How to Make a Table Saw Sled the Easy Way

A table saw sled is sometimes called a cross-cut sled. It can be used with miter saws and makes it safer and easier to cut wood against the grain. There are various ways to make a table saw sled, but sometimes you just need a simple solution instead of something elegant and difficult to do.

The cross-cutting sled below is possibly the easiest to make and achieves accurate cuts with your table saw.

A crosscut sled is used to help you cut against the grain with a table saw, and you can also cut smaller pieces without worrying about cutting your fingers.

This cross-cut sled is made with scrap wood and only requires three different cuts to be precise. You can slap together the rest of it with abandon and still make your perpendicular cuts, such as for picture frames. At the end of these step-by-step instructions, you also learn about the five-cut method to check the sled accuracy when it’s created:

Tools and Supplies for the Saw Table Sled

Your table saw sled only uses scrap wood and replies on a couple of precise cuts with a straight piece of hardwood. To make your own for your table saw, you need:

The calipers are necessary to get accurate measurements of the table saw and miter saw track. You also need the square to align your sled fence to your blade to determine if the cuts from the table saw are square.

Before making cuts, your table saw must be calibrated. If it isn’t, each cut is off.

Measure Miter Track with Fence Square

Most table saws feature standard miter slots and a track dimension that’s 0.75×0.375 inches deep. Before making cuts, make sure you check the miter gauge and dimensions of the track.

Digital calipers are great because there are four measurement points:

  • Exterior – Jaws go outside of the measured item
  • Interior – Small jaws go inside the item to be measured and are found above the exterior jaws
  • Depth gauge – The problem extending out the end
  • Exterior depth gauge – Hammerhead part of the calipers inside the moveable side of the jaw

Before making your table saw sled, use the interior measurement to check the miter bar width and the depth gauge to see its depth.

Cut Track

To start making the table saw sled, you must set your table saw fence to the right width dimension for the track. Make your rip cut with hardwood that has a straight edge. Now, you must set your fence to the right miter gauge depth, running the hardwood through once more.

It’s best to use oak here because it’s durable and dense, so it’s less likely to warp. Using that as the track lets the slide smoothly and doesn’t get stuck.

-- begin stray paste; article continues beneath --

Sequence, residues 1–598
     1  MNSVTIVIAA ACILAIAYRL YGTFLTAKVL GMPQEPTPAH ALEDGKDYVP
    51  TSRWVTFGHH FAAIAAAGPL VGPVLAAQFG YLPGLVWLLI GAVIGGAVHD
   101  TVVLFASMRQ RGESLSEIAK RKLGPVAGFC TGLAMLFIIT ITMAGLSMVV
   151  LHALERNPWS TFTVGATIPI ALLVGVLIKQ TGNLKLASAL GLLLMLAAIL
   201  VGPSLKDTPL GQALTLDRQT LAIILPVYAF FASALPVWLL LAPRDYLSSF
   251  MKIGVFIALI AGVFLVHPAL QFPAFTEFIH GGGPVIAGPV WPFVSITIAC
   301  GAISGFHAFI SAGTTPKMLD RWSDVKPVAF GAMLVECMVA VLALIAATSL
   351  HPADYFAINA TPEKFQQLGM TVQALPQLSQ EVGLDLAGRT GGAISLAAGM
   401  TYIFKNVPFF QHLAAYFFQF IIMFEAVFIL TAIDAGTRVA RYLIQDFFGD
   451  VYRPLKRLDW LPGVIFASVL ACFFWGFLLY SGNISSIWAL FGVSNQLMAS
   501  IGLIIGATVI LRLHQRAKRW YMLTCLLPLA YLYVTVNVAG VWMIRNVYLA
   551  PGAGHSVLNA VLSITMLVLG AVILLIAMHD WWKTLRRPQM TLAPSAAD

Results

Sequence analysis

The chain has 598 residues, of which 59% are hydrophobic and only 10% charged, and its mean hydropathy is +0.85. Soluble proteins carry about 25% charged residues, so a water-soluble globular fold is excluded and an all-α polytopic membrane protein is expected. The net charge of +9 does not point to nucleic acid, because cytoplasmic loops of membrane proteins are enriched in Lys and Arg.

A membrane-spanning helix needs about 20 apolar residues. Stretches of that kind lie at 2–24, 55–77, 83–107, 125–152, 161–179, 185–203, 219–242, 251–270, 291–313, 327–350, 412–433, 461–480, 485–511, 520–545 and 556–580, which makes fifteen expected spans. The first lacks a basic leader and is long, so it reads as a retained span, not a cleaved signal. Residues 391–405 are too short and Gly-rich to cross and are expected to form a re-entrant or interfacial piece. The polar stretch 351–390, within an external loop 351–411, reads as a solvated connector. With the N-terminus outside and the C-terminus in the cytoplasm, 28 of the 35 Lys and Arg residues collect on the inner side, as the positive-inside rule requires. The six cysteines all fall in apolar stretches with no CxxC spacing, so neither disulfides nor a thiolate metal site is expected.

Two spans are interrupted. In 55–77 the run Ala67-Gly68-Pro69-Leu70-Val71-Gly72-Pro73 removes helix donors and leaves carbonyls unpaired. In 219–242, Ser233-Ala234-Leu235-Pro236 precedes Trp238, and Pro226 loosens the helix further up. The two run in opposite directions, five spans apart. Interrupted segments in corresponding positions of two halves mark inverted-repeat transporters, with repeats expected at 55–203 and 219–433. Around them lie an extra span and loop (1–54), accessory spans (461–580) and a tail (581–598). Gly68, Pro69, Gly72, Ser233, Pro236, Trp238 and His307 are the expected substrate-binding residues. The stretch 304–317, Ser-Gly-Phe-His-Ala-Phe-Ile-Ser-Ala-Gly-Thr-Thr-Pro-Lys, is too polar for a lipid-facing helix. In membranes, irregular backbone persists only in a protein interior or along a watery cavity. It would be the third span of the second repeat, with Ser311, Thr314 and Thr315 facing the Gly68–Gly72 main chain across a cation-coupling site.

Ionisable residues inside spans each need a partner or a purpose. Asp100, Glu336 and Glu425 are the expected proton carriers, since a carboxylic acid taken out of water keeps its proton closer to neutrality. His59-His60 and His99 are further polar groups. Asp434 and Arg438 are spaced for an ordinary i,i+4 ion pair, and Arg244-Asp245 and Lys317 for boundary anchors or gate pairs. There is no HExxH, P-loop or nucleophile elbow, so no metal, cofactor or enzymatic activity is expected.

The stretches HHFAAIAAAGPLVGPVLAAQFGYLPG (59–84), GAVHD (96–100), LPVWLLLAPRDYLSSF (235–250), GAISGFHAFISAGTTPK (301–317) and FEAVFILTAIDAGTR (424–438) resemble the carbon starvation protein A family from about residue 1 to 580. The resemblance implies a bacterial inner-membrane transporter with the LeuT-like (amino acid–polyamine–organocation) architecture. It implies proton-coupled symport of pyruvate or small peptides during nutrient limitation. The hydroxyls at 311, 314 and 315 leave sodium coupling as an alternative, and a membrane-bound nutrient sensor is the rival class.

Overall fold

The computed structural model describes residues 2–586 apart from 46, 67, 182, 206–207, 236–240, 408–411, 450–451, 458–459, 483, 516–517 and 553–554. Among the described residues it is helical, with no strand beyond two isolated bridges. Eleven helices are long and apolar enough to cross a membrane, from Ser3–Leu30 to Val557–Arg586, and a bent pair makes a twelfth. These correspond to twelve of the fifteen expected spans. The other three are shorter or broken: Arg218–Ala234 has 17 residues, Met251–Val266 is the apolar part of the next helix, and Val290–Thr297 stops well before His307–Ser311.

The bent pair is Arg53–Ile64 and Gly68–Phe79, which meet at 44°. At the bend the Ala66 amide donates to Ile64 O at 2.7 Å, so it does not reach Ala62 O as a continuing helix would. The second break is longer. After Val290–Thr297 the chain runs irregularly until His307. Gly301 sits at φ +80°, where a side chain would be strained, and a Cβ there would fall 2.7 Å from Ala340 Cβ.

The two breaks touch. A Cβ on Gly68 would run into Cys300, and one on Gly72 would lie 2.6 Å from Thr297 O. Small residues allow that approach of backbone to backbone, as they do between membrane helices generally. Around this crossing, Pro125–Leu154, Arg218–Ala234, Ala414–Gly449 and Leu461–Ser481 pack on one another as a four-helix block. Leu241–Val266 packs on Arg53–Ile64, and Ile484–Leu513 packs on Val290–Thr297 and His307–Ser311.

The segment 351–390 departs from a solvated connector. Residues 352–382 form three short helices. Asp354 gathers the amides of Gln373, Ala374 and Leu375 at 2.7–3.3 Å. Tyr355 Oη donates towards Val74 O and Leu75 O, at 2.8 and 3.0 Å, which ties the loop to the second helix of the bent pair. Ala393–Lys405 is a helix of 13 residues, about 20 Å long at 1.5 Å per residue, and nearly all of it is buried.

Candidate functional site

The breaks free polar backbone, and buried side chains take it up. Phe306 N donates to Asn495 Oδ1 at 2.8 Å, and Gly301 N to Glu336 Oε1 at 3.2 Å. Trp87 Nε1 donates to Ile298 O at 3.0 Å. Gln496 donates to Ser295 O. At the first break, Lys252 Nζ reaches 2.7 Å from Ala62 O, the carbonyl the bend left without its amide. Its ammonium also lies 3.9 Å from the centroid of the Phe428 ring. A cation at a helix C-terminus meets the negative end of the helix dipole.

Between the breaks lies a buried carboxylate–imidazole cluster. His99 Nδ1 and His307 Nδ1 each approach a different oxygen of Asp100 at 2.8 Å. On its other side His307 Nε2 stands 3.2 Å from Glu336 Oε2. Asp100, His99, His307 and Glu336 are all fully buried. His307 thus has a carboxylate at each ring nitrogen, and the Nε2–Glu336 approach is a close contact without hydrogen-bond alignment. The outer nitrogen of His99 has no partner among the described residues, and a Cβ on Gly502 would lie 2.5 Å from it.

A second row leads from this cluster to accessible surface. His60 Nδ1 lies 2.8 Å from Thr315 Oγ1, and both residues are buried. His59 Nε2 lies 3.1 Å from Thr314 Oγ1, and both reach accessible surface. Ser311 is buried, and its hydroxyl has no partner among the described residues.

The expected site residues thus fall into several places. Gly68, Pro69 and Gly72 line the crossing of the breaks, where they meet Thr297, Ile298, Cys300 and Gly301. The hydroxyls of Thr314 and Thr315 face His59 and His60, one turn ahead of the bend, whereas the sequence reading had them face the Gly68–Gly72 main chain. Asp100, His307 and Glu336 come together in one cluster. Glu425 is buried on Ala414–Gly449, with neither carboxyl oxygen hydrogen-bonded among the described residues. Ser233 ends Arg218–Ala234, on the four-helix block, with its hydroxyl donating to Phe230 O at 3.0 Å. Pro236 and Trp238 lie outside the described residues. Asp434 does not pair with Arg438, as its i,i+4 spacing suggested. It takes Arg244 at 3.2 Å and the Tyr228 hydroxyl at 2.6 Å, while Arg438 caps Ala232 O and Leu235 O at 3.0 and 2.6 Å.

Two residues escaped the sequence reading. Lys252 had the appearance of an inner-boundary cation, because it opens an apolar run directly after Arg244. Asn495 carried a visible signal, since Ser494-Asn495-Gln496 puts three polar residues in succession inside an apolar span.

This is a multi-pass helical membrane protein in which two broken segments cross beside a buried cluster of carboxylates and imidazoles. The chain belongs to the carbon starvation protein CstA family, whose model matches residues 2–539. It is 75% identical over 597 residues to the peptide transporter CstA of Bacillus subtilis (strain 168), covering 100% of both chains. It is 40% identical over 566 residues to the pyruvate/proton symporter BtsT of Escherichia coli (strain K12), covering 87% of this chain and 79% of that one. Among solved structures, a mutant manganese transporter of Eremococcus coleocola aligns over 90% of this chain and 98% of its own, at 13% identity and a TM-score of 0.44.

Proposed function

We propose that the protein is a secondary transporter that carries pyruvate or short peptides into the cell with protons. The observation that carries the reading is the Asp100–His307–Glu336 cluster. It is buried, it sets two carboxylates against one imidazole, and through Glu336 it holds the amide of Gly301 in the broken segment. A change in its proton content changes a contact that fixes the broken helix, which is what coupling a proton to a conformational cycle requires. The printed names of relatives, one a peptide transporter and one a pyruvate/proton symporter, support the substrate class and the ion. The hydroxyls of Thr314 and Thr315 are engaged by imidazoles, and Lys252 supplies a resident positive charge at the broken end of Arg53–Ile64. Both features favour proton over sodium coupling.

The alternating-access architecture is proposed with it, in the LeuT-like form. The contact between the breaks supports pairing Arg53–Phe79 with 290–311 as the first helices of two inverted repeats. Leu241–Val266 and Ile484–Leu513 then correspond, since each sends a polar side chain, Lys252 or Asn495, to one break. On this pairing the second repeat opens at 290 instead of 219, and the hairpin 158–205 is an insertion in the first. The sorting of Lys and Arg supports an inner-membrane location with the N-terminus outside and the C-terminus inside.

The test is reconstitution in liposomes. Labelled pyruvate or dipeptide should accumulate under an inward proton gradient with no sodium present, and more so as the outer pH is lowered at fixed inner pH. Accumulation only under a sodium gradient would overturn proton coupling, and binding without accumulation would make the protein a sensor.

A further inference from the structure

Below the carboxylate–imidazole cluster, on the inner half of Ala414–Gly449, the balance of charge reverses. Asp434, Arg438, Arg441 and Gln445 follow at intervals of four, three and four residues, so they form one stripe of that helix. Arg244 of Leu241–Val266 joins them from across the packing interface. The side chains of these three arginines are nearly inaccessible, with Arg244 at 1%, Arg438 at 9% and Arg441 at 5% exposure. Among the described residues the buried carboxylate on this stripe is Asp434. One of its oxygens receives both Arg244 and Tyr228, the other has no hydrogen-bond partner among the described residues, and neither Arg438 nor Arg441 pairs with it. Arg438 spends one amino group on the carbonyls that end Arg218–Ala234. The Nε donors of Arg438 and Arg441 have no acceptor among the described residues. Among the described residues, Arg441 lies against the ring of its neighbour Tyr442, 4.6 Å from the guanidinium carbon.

Clean Up

The next step in making a table saw sled is to clean up the table saw surface and your miter track for debris or sawdust. Do this before you check the cut. Otherwise, you don’t get the most accurate assessment of if the cut is snug in the track.

Test Fit Track

Now that you’ve made your test cut for the table saw sled, it’s important to put the hardwood you just cut into the miter track to ensure it fits. Push the hardwood down the track to see if it sticks anywhere along the cut line. Don’t forget to wiggle it laterally against your track to see if there is play there. Pay close attention to the left side!

You want a snug fit with a smooth glide and no play. If you get caught anywhere, make sure there is no debris and that the runners rest evenly. You may have to use a precision tool like a belt sander to shave sections of hardwood before getting the right fit. However, if all those things fail, it’s best to remeasure and rip cut another hardwood piece until it’s right.

Plywood Sled Base

With the track cut, you just made, you’ve actually made the sled base. The greatest thing about this sled design is that the base doesn’t have to be perfectly square.

The plywood base sits on top of your track and is the bottom of your table saw sled. Since it’s only a platform and doesn’t need to be there for measurements, it’s only there as a flat surface to cut through.

Glue Base to the Track

Now, you want to insert the hardwood into your miter track. Apply some wood glue on the hardwood along its length, but don’t use too much glue. Squeeze out just a bit; you can always apply more if necessary.

Overall, you’re adding screws or carriage bolts to attach the plywood and hardwood together later.

Once the glue is applied, put the plywood on top of your hardwood track, aligning them so that they’re approximately square to the table saw track. The center of your plywood should be in line with your saw blade. Add eight to your plywood and let this section of the table saw sled dry overnight before you move it.

Secure Track

Once your glue dries, slide the assembly from the miter sled track and flip your plywood over. The next step of building a table saw sled is to drill pilot holes along the length of the hardwood, countersinking each opening. You should hand screw the fasteners and then mechanically secure the pieces together.

This glue and screw combo ensures that the two sections mate securely.

It’s crucial to countersink the openings. That way, the screw heads are inset and don’t hinder movement when you’re using the sled in its track. If you don’t do this step, you aren’t likely to have an accurate sled and may create a stop block you didn’t intend.

To finish it up, hand-sand burrs and rough spots you created while drilling.

Glue the Sled Front Fence

The front fence of the sled is the part that is further away from you when you operate the table saw sled. It doesn’t have to be accurate because it’s only there to hold the sled’s structure once you cut a kerf into the plywood.

You can use scrap wood and glue it along the plywood’s front edge, making sure that the wood is square to make things look right.

Cut Partial Kerf with Saw Blade

Before gluing the table saw sled back fence on, you must make a reference cut because it needs to be square to your blade. The back fence (auxiliary fence) must be perpendicular to your saw blade and square to make square cuts.

De-energize your saw and remove the insert and riving knife. Now, put the insert over the blade, lowering it completely into your table. You’re bringing the blade through the plywood base, creating a reference cut so that you can align the back fence with it.